Eduporium, one of my favorite STEM retailers, since they really try to help you find the best STEM products for your school, has been running a contest every night since May 1st. It's an educational trivia contest- with a $100 coupon prize to the person who has the right answer the fastest. I have been incredibly lucky and have won 5 times! However, they have decided to revise their rules and get more people involved- so if you win once, lucky you and then you are done. So, now that I am out of the running... here's the info you need. Sign up here and they will send you a reminder email at about 6:45 pm EST with the link for the contest which is at 7 sharp. Some of the questions are common knowledge... eg. the chemical formula for table salt, where others are not so easy- eg. the country completely surrounded by South Africa (Lesotho) and you have to google really fast! (Use OK Google voice search) So- it's fun and you can win a prize. Go for it, have your students go for it. Some questions are tough for a high school student, others are OK for elementary... and it's fun.
I spent some time today with one of the 6th grade classes, helping students use Google Slides for their yearbook pages. Using Google slides gives you way more flexibility than docs and the page size is easily adjusted to 8.5 by 11 (File>page setup>custom) and can be exported as a pdf. It reminded me that I wanted to share this Google Slide info, which I didn't know til this week. Alice Keeler and Matt Miller have created a new chrome extension called DriveSlides for Google Slides that allows you to take a folder of images and create a Google Slide show with a press of a button. The functionality reminds me of the ability to create a slideshow out of a folder in powerpoint. Quick and easy. Alice wrote more about it here. She also has a really cool screenshot to slideshow extension that she explained in a previous post. It automatically takes a screenshot every minute and saves it to a folder for a slideshow.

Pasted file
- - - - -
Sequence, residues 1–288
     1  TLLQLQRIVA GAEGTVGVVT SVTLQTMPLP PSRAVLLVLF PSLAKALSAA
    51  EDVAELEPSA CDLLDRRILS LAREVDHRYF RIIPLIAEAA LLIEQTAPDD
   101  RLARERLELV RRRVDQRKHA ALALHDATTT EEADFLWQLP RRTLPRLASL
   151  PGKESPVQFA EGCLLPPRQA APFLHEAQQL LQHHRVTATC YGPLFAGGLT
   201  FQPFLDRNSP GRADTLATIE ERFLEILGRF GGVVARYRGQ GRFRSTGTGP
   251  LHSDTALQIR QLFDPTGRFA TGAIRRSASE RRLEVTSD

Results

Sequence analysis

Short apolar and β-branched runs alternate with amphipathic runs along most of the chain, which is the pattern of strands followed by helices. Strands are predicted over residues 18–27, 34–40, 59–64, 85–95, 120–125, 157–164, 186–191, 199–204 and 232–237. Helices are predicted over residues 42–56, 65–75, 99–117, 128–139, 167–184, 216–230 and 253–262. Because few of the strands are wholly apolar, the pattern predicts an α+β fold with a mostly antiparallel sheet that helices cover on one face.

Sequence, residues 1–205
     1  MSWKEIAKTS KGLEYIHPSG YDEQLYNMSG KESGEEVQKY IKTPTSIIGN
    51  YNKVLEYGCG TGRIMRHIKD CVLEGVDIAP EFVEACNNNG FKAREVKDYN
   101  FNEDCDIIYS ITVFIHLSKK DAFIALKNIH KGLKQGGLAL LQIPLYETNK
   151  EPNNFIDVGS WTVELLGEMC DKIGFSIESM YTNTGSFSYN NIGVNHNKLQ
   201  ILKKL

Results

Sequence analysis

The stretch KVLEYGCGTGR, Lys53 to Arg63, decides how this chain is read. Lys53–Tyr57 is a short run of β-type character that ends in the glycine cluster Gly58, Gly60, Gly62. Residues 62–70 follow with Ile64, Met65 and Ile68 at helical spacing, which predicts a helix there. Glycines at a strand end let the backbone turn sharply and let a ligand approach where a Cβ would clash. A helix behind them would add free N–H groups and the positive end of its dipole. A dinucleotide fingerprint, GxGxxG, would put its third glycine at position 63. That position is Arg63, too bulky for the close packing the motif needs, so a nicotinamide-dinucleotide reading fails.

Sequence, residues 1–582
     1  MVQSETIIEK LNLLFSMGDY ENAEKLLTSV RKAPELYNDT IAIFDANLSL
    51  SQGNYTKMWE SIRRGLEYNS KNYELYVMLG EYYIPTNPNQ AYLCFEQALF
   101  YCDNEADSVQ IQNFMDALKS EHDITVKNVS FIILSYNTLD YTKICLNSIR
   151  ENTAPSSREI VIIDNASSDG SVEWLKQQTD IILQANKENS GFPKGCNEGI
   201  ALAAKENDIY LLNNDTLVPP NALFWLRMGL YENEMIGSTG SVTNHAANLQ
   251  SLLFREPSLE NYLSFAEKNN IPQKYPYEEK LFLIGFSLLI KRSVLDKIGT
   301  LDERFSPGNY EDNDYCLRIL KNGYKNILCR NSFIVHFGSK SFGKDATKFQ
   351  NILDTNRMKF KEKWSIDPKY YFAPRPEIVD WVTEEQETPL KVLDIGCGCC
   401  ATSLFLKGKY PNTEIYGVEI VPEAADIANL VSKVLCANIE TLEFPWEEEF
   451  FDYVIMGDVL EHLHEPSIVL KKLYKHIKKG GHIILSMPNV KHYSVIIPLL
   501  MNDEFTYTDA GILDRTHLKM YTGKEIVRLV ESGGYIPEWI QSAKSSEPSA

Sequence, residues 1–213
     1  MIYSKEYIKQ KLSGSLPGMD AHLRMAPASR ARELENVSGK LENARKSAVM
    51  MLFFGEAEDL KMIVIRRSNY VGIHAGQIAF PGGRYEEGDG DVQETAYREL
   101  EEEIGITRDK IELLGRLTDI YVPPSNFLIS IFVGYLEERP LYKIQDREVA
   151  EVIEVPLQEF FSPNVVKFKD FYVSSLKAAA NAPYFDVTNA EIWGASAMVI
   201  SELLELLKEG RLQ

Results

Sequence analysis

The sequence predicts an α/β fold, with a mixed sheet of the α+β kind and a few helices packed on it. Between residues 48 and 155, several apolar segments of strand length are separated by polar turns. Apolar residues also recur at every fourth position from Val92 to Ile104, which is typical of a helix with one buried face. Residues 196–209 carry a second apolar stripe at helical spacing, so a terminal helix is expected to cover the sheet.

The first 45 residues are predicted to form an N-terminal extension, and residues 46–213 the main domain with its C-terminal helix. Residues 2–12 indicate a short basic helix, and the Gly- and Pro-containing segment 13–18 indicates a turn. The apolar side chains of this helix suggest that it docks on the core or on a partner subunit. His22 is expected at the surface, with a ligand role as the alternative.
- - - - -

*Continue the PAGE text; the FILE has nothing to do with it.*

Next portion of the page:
Looking for more ideas with Google Slides? Check out Matt's post here.
Summer PD- Google Drawings
I'm excited to take a class with Tony Vincent on Google Drawings this summer. Tony is an internationally known educator and speaker. His blog Learning in Hand has been a staple in the edtech world for years.
When I saw the notice about the class and went to sign up, I also learned something new...you can present a clutter-free image of a google doc by changing the url. Tony explained it here.
Last, but not least ReadWorks!
ReadWorks, as many of you know, is a fantastic resource for students and their teachers. Many teachers have tried their Article-A-Day series with great success. ReadWorks does a great job of pulling together text sets for you. Here's a couple of promo videos to give you some ideas.
I haven't been able to find the summer packets collection on the new site, but will write and ask them if they are offering this again- or something similar. This is last year's page. www.readworks.org/rw/beat-summer-reading-slump
Welcome back after such a beautiful week of spring-like weather for our winter break here in Massachusetts!
This will be a compilation of things that I thought were cool/useful/interesting over the last couple of weeks.
Some Shortcuts I Learned
I spent a day down at Lunenburg HS this past week at MassCue's GooglePalooza. One cool thing about this sort of conference is that, much like an edcamp, resources are usually shared online. So head over to this link, check out the 4 sessions and all of the resources that were shared. I really enjoy learning from a couple of these presenters and would highly recommend that you attend anything that Jenn Judkins or Jennifer Lowton are doing. Both are incredibly knowledgeable, funny and I always, always learn something new from them. Jenn Judkins is my go-to resource for Google Forms, and Sheets. She makes up great workflows to save everyone time (and a few trees). Jennifer Lowton is a great resource for both Google Admin type questions, as well as Special Education and tech questions.
Everything You Always Wanted to Know about Chromebooks
Steve Wicks has published a new Chrome resource website. Just about anything you care to know... you can find here at Chromebook 101.
Add Videos from Google Drive to Slides